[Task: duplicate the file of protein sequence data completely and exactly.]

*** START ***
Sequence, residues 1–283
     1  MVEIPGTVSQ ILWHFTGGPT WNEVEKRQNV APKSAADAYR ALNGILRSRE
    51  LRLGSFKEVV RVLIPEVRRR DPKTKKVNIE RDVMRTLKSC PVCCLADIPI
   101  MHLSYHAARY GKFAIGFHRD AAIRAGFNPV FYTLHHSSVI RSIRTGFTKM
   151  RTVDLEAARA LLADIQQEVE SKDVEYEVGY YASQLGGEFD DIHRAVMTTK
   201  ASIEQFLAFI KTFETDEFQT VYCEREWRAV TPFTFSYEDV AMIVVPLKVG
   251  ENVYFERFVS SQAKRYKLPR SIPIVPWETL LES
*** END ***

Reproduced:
Sequence, residues 1–283
     1  MVEIPGTVSQ ILWHFTGGPT WNEVEKRQNV APKSAADAYR ALNGILRSRE
    51  LRLGSFKEVV RVLIPEVRRR DPKTKKVNIE RDVMRTLKSC PVCCLADIPI
   101  MHLSYHAARY GKFAIGFHRD AAIRAGFNPV FYTLHHSSVI RSIRTGFTKM
   151  RTVDLEAARA LLADIQQEVE SKDVEYEVGY YASQLGGEFD DIHRAVMTTK
   201  ASIEQFLAFI KTFETDEFQT VYCEREWRAV TPFTFSYEDV AMIVVPLKVG
   251  ENVYFERFVS SQAKRYKLPR SIPIVPWETL LES